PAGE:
For over a century, scientists have developed the capability to restore many valuable ecosystems including grasslands, shrublands, forests, herbaceous and forested freshwater wetlands, salt marshes, mangrove forests, oyster beds, seagrass meadows, coral reefs, and entire watersheds and landscapes.   

A boy waters a planted tree during a restoration project In Mount Rainier National Park. Courtesy of National Park Service and Kevin Bacher.
Wangari Maathai, 2004 Nobel Peace Prize Winner, planting a tree in a United Nations Tree Planting Ceremony. Courtesy of United Nations and Evan Schneider.
A woman and two girls plant a tree to restore an ecosystem. Courtesy of U.S. Fish and Wildlife Service and Lisa Cox.

How do you restore or create natural ecosystems?

Central to the science of ecosystem restoration are the concepts of “ecological succession” and the “climax community” developed, most notably, by Frederic Clements. Ecological succession is the process of how biological communities change and develop over time. A climax community is the final stage of ecological succession. The assemblage of plants and animals that form a climax community is largely determined by the abiotic environmental factors that shape the system during ecological succession.

In terrestrial ecosystems, the abiotic environmental factors of sunlight, rainfall (precipitation), temperature, wind, lightning, topography/hydrology and soil characteristics all interact to shape ecological succession and determine the characteristics of the climax community. In aquatic ecosystems, light, water clarity, depth, temperature, flow, salinity, acidity, nutrients and substrate characteristics are the dominant environmental factors that determine the climax.

In natural ecosystems, these abiotic environmental factors interact with the diverse and often competing plants and animals of the region to determine what the climax community will be. They will, for example, determine whether an ecosystem is an upland versus a wetland, a grassland versus a forest, a seagrass meadow versus a subtidal soft bottom, or a tropical coral reef versus a temperate hard bottom marine community.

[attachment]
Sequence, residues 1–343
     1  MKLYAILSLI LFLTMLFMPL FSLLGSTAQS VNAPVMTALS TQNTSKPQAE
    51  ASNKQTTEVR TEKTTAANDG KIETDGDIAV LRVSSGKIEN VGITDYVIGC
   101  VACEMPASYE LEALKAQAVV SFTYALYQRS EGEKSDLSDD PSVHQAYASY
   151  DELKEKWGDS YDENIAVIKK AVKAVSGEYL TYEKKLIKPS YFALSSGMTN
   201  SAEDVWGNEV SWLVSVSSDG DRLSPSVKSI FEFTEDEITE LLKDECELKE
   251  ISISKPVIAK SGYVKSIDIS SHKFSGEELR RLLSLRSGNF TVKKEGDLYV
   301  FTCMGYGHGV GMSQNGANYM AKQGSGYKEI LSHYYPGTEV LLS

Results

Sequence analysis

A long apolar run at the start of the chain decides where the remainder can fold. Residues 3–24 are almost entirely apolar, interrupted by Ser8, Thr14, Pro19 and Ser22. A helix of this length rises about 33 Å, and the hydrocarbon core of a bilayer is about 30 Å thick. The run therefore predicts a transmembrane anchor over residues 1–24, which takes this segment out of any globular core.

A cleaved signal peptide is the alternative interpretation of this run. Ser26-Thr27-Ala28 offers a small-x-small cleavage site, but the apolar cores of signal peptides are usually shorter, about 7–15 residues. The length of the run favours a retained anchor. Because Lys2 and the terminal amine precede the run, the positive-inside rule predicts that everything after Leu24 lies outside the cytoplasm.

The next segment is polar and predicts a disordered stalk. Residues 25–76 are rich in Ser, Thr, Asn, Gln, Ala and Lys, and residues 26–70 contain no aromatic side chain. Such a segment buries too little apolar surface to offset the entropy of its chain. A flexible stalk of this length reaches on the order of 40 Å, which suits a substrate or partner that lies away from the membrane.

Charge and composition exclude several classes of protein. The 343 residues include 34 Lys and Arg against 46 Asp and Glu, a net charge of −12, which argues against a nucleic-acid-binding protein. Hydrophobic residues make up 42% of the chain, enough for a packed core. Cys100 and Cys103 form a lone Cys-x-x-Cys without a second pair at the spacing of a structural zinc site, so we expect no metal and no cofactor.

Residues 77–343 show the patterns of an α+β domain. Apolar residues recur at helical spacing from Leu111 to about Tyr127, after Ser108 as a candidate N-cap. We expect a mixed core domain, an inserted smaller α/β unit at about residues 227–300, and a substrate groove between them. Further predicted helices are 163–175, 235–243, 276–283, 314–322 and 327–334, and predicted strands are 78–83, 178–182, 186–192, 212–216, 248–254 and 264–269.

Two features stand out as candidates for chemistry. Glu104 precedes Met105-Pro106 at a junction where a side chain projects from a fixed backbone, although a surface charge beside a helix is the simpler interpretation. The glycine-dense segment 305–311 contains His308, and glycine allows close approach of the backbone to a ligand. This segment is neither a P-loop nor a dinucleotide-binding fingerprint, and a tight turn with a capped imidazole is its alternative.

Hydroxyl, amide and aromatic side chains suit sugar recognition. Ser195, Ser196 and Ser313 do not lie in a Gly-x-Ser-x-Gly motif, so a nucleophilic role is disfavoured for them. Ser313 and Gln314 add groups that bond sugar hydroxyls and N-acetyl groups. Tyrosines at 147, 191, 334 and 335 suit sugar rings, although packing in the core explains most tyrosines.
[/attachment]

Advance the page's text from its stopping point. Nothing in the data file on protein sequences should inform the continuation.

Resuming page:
Successful ecosystem restoration projects have designs that closely align with or match the true or natural climax of the area or fall within a stage of the natural successional trajectory. In other words, climax communities are overwhelmingly determined by abiotic environmental factors and these factors will ultimately push the system to form the climax community. Misguided ecosystem restoration projects that restore areas with the wrong plants and animals are short-lived in nature and will, with time, succeed and change into the natural climax community for that area. To be effective, restoration ecologists need to identify the dominant environmental factors that shape ecological succession and restore with species that will help the system reach its natural climax community.

Ecosystem Restoration should be considered as a way humans can help accelerate natural succession. Without human intervention, succession will naturally occur until the climax community is reached (provided that plants (and seeds) and animals are in the area and natural dispersal mechanisms are still intact). Ecosystem Restoration is a way humans can assist nature in creating climax communities. By doing this humans can use newly restored ecosystems to remove carbon dioxide from the atmosphere and oceans and store it for long periods of time. In addition, people will benefit from all the other ecosystem services natural communities provide such as clean water and food. 

Students planting trees in Haiti to restore a forest during International Environment Day. Courtesy of the United Nations and Logan Abassi.
The pine forest restoration, following a wildfire, of Dairy Farmers Hill in Australia. Courtesy of the United Nations and Eskinder Debebe.
A young Haitian female student is getting ready to plant a tree to help restore a forest during International Environment Day. Courtesy of the United Nations and Logan Abassi.


  1. Asner, G.P., Elmore, A.J., Olander, L.P., Martin, R.E. and Harris, A.T., 2004. Grazing systems, ecosystem responses, and global change. Annu. Rev. Environ. Resour.29, pp.261-299.
  2. Bai, Z.G., Dent, D.L., Olsson, L. and Schaepman, M.E., 2008. Proxy global assessment of land degradation. Soil use and management24(3), pp.223-234.
  3. Davidson, N.C., 2014. How much wetland has the world lost? Long-term and recent trends in global wetland area. Marine and Freshwater Research65(10), pp.934-941.
  4. Foley, J.A., DeFries, R., Asner, G.P., Barford, C., Bonan, G., Carpenter, S.R., Chapin, F.S., Coe, M.T., Daily, G.C., Gibbs, H.K. and Helkowski, J.H., 2005. Global consequences of land use. science309(5734), pp.570-574.
  5. IPBES, 2018: The IPBES assessment report on land degradation and restoration. Montanarella, L., Scholes, R., and Brainich, A. (eds.). Secretariat of the Intergovernmental Science-Policy Platform on Biodiversity and Ecosystem Services, Bonn, Germany. 744 pages.

  6. Li, Q., Yu, P., Li, G., Zhou, D. and Chen, X., 2014. Overlooking soil erosion induces underestimation of the soil C loss in degraded land. Quaternary International349, pp.287-290.